6. [...] Rightwing Nuthouse [...]

    Pingback by Flopping Aces » Blog Archive » The Latest Democratic Hitjob — 10/1/2006 @ 11:34 am

  7. Here’s a specific point in the emails from 2005. The boy says:

    But do tell me what you think about it all. I have one friend thinking I’m being paranoid and the other saying that she thinks it is weird that he even asks for my e-mail, much more what he said.

    He doesn’t know which way to think, and his friends aren’t sure either. Like the St. Pete Times there just wasn’t enough “there” there.

    But let’s not let facts get in the way of the typical Liberal tendency to make one’s decision based on raw emotion. In this case the emotion “LET’S SCREW THE REPUBLICANS!”

    Mark Foley is obviously a troubled man who was following the classic stalker’s profile. What do you call the people that knew the path he was following and kept it quit for an October Surprise? What do you call people that mat have risked a child being sexually assaulted for the simple reason of wanting “their side” to win?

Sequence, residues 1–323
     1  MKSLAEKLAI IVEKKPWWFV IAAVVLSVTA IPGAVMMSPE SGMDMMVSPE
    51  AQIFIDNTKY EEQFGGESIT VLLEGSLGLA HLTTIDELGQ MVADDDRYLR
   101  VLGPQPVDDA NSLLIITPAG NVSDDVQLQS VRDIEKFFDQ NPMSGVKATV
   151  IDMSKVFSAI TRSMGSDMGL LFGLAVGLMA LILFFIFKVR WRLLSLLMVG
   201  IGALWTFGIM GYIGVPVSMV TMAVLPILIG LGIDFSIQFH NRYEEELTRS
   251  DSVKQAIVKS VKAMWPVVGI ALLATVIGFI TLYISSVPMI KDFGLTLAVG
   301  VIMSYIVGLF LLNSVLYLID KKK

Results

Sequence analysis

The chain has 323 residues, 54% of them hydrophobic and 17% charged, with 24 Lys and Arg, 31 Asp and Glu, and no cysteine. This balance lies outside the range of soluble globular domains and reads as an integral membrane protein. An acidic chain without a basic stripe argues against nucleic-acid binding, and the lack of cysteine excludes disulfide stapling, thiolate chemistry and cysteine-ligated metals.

In this case I call them Democrats, CREW and the Left Wing Smear Machine.

    Comment by Quilly Mammoth — 10/1/2006 @ 11:54 am

  8. This would be less troubling for me if the House Leadership had not already tried to shield a democratic member from investigation: Rep. Jefferson (D-LA). I do not like Congress thinking it is above the law, should impede the law and in anyway try to circumvent the law of the land. This tiny House of Representatives is far too cozy for my liking, and is *not* doing a job of actually understanding their role in the Federal system. The House of Representatives was never made to be efficient, smooth operating, shielding its members from investigation and, generally, thinking of themselves *first* and the Nation *second*. That goes for Democrats, too.